The painting Ides of March (1962) belongs to a phase of Twombly’s career, in which the artist focused on monumental events from Italian and Roman history. Broadly speaking, this phase refers to artworks created in the early 1960s, primarily between 1962 and 1964. The influence of Italian and Roman history, correlates with events in Twombly’s personal life, namely his move to Rome in 1957. The artist’s surroundings had a profound impact on his art, and he immersed himself in the rich culture and history of the city. However, Rome contained more than remnants of its classical past, and the grand legacies of the Renaissance and the Baroque. The artist was also exposed to the gritty, dark side of contemporary city life: to poverty, prostitution and petty crime. The paintings from the period embody this contrast and tension. Much like the atmosphere of Rome, which combines the heights of ancient antiquity with the coarse experience of urban life, Twombly is successful in absorbing influences from the ancient world without compromising his painting style and contemporary sensibility.
There are several stylistic changes in Ides of March that can be attributed to the relocation to Rome. Being away from New York, where Abstract Expressionism was at its peak, gave Twombly a sense of freedom that was expressed in his painting. Most evidently, the paintings of the early 1960s mark the artists return to color. Twombly himself admitted that he would not have created large color paintings in America, and this was a largely inspired by living abroad. Ides of March has an overall dark palette of tones of black, brown, red and maroon accented with touches of green and yellow. Twombly manipulated the color in different ways: by applying it by hand, by mixing expressive brush strokes with lines drawn in pencil and by creating an effect where the color seems scratched. This variation gives the painting texture and a material quality. He also abandoned the all over painting technique, making the white canvas visible. The use of white was possibly inspired by the Mediterranean light. On the other hand, the white could have served a purely spatial and symbolic function: it can represent the classical notion intellect or the concept of memory.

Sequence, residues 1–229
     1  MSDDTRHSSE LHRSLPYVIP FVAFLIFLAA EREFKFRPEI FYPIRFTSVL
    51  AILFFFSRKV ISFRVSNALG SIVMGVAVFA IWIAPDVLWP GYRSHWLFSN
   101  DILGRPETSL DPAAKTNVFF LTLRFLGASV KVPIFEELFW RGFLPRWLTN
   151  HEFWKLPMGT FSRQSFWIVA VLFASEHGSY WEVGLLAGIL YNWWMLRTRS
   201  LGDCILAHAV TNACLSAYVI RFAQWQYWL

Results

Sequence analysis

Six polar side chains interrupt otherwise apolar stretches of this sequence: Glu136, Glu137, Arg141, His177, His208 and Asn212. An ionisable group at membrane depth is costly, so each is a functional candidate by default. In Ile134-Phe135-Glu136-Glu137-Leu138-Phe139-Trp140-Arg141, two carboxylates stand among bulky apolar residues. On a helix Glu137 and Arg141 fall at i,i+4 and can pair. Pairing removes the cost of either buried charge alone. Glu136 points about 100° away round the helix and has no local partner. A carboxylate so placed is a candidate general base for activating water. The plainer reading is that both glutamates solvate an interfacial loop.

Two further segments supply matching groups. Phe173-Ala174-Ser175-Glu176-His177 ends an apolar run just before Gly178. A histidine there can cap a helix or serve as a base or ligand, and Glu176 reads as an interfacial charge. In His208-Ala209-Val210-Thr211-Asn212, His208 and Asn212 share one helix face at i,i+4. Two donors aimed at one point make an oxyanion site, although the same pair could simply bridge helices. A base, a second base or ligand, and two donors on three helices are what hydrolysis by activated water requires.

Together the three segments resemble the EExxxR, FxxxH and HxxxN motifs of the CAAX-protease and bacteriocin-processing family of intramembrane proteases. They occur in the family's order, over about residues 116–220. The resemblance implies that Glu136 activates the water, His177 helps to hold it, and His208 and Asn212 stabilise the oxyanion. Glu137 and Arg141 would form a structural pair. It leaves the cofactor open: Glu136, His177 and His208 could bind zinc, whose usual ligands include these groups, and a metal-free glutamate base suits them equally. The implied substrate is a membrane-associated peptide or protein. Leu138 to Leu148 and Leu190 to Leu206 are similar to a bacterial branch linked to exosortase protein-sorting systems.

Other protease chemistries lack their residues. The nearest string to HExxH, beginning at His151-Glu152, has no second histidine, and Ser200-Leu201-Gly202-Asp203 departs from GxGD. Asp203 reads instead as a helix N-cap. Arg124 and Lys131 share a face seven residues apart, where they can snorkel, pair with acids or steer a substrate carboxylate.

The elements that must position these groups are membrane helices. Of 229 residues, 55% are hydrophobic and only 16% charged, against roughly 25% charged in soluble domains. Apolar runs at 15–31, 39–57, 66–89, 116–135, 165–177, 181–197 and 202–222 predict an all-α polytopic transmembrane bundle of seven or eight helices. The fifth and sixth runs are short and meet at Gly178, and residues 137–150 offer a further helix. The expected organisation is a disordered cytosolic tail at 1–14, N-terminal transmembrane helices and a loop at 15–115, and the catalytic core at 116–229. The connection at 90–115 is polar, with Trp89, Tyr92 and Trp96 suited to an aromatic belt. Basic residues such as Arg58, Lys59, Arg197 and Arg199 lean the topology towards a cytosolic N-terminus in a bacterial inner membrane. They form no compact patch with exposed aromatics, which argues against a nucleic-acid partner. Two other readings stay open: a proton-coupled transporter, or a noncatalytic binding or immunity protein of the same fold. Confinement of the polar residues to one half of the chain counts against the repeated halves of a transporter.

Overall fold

The title, Ides of March, refers to the assassination of Julius Caesar in 44 BC. Twombly created several paintings that relate to the subject of historical assassinations: Death of Giuliano de’Medici (1962), Death of Pompey (Rome) (1962), and the series Nine Discourses on Commodus (1963). The title, Ides of March, ignites the imagination, and accentuates the figurative element in the painting. The viewer is able to discern a profile and movement that can possibly resemble a stabbing motion. However, scholars point out that Ides of March should not necessarily be understood as an illustration or a narration. The strength and visual impact of the painting stems from the tension created between the colors and lines. Although the title helps to recognize a figuration, Twombly ultimately paints in an abstract manner. Because Twombly does not succumb to mimesis, his lines have an autonomous quality, and the gesture of drawing becomes central to the painting. The gesture is evocative of feelings of passion, violence and fury. Ultimately it represents the artist’s unique ability to interpret classical antiquity in a manner that does not compromise the fundamental principles of Abstract Expressionism.